I sleep badly, and wake up snot-lunged and fuzzy-headed. We walk out and find a souk full of birdsong, where a white car plays the lambada as it reverses. Two American women walk in front of us in expensive shades and tight-buttocked trouser suits, commenting on the shops. This is the sewing-machine district; almost every shop is dedicated only to the sale and repair of sewing machines. My ill head makes me slow, and I enjoy it, one foot in front of the other in the sun. I sit and notice that the rhythm of this souk is even slower than me. Shopkeepers sit in sunned doorways, head resting on a roll of carpet or tilted to the sky, hands folded or working through prayer beads. Women wander slowly; they mostly wear long jackets and hijab headscarves, which contradict the solemnity of Islam by their bright patterns. Three women walk past me, two ahead in zebra-patterned veils, one behind with a cheetah pattern.
We amble on, through a meat-souk hung with carcasses. A whole skinned camel is suspended upside-down from hooks, while a stallholder washes guts in a bucket: the full truth of meat displayed in one dirty corridor. We find ourselves through and out the other side, sun-drenched streets where kids kick a ball and want to be filmed. Their older brothers sit on a wall overlooking the city, and want to meet us. We’re friends within minutes, hello Engliland, I’m Brovan and this is Bily. Syrian males have a distinctive look, simultaneously butch and effeminate- a cross between Bruce Lee and the Capulets from the Leonardo Da Vinci film. They wear shiny dress shoes with exaggerated pointy ends, and their hair is slicked back in black waves.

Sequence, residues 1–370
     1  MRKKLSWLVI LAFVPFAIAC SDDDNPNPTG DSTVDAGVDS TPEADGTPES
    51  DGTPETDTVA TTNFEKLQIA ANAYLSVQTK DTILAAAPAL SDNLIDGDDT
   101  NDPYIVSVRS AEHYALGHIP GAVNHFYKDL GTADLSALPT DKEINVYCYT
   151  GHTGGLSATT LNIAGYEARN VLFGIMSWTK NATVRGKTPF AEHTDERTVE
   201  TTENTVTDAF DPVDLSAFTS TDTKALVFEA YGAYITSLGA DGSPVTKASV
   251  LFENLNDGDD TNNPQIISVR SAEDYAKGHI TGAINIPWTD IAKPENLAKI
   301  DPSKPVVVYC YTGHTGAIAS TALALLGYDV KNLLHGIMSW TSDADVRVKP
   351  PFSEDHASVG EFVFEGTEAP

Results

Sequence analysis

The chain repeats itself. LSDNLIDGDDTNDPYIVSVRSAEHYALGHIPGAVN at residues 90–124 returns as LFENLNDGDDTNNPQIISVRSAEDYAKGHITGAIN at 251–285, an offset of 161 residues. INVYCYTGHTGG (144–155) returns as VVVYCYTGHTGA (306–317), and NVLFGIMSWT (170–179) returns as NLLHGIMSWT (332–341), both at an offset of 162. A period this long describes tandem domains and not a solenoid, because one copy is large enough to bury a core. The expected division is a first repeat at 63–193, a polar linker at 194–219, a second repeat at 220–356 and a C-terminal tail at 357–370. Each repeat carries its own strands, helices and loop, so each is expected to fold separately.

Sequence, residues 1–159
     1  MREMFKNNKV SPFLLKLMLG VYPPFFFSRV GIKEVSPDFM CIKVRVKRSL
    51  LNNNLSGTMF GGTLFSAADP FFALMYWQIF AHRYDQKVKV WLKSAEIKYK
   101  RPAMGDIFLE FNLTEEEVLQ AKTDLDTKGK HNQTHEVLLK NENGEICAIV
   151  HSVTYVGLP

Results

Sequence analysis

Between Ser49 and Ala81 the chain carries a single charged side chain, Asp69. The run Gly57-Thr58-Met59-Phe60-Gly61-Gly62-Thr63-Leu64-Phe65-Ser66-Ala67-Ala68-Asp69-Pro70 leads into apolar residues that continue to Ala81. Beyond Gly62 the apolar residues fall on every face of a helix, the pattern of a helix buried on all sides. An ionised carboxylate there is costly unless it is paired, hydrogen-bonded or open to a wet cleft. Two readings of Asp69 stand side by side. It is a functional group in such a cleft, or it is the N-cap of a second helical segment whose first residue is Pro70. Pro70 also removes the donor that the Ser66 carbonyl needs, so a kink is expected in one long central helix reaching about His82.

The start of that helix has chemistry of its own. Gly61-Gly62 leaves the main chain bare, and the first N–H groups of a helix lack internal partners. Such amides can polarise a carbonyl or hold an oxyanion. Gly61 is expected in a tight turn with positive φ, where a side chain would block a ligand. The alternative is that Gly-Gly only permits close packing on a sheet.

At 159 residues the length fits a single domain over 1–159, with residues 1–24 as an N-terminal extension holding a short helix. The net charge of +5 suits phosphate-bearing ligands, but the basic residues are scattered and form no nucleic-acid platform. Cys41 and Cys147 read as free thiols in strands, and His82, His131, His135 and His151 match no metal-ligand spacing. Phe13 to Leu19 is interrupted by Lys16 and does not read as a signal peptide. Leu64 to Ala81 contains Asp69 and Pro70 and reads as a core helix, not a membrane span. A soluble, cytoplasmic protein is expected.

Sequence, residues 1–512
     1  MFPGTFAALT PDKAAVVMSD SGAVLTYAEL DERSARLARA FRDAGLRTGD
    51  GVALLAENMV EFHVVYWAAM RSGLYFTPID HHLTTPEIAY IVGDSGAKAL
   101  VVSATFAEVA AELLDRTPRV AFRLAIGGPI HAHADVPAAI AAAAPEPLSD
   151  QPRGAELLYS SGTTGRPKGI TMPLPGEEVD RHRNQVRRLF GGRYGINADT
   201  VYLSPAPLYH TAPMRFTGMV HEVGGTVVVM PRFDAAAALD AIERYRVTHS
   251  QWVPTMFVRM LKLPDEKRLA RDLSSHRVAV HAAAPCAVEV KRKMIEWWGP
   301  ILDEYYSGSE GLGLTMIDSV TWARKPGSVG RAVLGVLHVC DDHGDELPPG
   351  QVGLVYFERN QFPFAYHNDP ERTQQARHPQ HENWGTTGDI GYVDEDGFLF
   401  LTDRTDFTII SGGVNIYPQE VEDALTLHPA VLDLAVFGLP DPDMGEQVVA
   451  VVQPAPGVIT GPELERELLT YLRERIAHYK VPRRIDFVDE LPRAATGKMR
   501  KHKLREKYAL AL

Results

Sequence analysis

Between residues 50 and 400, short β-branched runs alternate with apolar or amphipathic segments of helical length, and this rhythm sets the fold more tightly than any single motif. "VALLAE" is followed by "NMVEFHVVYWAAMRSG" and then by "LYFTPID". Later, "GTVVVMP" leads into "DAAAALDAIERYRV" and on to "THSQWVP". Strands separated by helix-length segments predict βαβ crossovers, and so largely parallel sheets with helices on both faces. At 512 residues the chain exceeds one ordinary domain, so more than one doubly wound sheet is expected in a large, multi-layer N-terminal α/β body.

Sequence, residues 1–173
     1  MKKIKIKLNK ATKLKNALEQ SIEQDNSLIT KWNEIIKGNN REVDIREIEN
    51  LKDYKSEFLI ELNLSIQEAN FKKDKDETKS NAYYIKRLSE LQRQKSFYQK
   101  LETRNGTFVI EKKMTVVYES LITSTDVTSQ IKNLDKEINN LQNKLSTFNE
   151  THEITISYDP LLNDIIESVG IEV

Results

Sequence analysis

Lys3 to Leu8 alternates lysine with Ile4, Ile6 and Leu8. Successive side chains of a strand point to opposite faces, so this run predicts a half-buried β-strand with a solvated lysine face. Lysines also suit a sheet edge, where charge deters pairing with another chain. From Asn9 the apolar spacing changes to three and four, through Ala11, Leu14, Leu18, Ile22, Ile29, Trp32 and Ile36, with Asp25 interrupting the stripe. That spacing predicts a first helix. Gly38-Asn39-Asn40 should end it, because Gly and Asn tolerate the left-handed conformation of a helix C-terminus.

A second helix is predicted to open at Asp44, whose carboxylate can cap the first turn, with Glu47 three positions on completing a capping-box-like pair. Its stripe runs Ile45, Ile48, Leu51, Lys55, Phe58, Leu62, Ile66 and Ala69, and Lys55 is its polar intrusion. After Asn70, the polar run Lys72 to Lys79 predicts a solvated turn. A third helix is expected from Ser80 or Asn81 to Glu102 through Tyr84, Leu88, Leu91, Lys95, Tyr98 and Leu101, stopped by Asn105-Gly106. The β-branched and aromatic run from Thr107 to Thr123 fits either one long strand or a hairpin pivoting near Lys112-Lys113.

Abdul, though, looks entirely different, scruffed adidas, a hoody and a shoulder bag. He stops in passing, lifts his shades and introduces himself with perfect unSyrian nonchalance. His English is good, and he takes us up through another souk, this one enormous and full of shiny things, shisha pipes, daggers, headscarves and perfumes. It leads up to the huge ancient castle at the core of Aleppo, where tourists drink expensive tea.
Abdul becomes our friend and guide for the day, and he’s a window on a new young Syria, leaning towards the west but fiercely Middle Eastern. Our conversation flows easily, but sometimes stumbles. I point to one of the omnipresent photos of the President.
“Is that the President?”
“I like… I love my president. I love him. I love my president. I love my president.”
Wow. Imagine someone expressing that passion for Gordon Brown.
We part ways with Abdul. We wish we could stay another night.